San José, Costa Rica, since 1956

Child molester jailed, now what?

For the third time in his life, Costa Rican doctor German Enrique Moreno Rojas has been charged with sexually molesting a minor.

Moreno’s latest arrest happened Monday after a 19-year-old Costa Rican man filed a criminal complaint in Jacó accusing the doctor, who is a fugitive from justice in the United States, of sexually assaulting him when he was 16.

Agents from the Judicial Investigation Police, or OIJ, arrested Moreno, 50, at his mother’s residence in the northern San José district of Tibás. He had been staying there since closing his medical practice Aug. 6 in the southern Nicoya Peninsula town of Playa Carmen (TT, Aug. 19, 12). He was booked at downtown San José’s judicial headquarters and transferred to a holding cell in Jacó, on the central Pacific coast, pending a preliminary hearing.

Moreno did not respond to questions by The Tico Times at the time of his arrest.

A judge on Tuesday ordered Moreno held for three months in preventive custody while prosecutors build a case, a spokeswoman from the Chief Prosecutor’s Office said on Wednesday. Prosecutors had asked for six months of preventive detention, but a government official with knowledge of the hearing said most of the evidence in the case, including witness testimony, has already been collected.

Moreno was moved to a jail in the Pacific port city of Puntarenas. Investigators will collect more evidence in Puntarenas province before deciding if the case will proceed to a trial phase. The source said Moreno’s attorney did not request special protective measures for his client.

The Tico Times attempted to contact Moreno’s attorney, but was unable to reach him by press time.

The alleged victim in the case, who asked The Tico Times to withhold his name, said he filed a criminal complaint after learning through media reports that the doctor is wanted in the United States on nine counts of child sexual abuse in Houston, Texas. An Interpol arrest warrant issued after Moreno fled the U.S. in May 2005 is still valid, although the Costa Rican Constitution bars nationals from being extradited.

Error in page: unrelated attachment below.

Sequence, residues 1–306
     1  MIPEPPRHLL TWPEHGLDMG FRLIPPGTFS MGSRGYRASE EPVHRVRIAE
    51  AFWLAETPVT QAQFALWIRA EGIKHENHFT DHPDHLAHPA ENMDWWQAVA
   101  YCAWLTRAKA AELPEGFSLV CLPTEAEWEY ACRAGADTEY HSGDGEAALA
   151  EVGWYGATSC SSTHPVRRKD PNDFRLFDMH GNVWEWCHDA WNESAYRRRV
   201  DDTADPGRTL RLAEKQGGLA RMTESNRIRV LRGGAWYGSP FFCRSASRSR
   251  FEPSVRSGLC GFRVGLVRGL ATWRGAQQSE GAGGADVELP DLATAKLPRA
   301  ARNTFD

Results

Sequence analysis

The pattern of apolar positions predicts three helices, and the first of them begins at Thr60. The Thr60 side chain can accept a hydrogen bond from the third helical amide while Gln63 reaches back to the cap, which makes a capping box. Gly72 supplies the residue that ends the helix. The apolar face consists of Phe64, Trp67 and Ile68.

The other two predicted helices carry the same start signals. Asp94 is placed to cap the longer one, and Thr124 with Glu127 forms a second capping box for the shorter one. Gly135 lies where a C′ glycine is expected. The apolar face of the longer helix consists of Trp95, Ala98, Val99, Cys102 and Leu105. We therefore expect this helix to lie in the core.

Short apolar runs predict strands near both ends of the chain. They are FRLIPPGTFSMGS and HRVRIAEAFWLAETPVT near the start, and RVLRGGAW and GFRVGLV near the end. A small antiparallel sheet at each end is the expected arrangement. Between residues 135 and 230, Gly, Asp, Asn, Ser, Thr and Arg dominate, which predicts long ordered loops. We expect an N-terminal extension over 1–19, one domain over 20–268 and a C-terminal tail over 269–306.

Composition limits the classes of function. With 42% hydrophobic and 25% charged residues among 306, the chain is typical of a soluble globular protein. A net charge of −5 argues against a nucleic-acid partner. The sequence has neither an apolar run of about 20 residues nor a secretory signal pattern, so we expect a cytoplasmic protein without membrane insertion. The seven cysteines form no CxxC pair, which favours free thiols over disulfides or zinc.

Moreno also evaded jail by fleeing the country after being convicted in 1993 in Costa Rica of sexually molesting five boys in the Caribbean slope town of Turrialba.  

“With the story going public, my client felt empowered enough to trust that Moreno would some day pay for his crimes,” said attorney Alexandra Morales, who represents the 19-year-old and his family.

Morales said Moreno was “obsessed” with her client, who lived with the doctor for two years in Playa Carmen, along with his mother and two siblings. It was during this time that the alleged abuse occurred. Prosecutors will not comment on the details of the abuse.

The family moved out of Moreno’s residence last December, but the doctor continued to harass and intimidate them, according to family members and witnesses who spoke to The Tico Times.

After meeting with a lawyer, a psychologist and a social worker, the family obtained a restraining order against Moreno last month in Jacó. They said he continued to contact them through an acquaintance. 

Is a Costa Rican Trial Possible?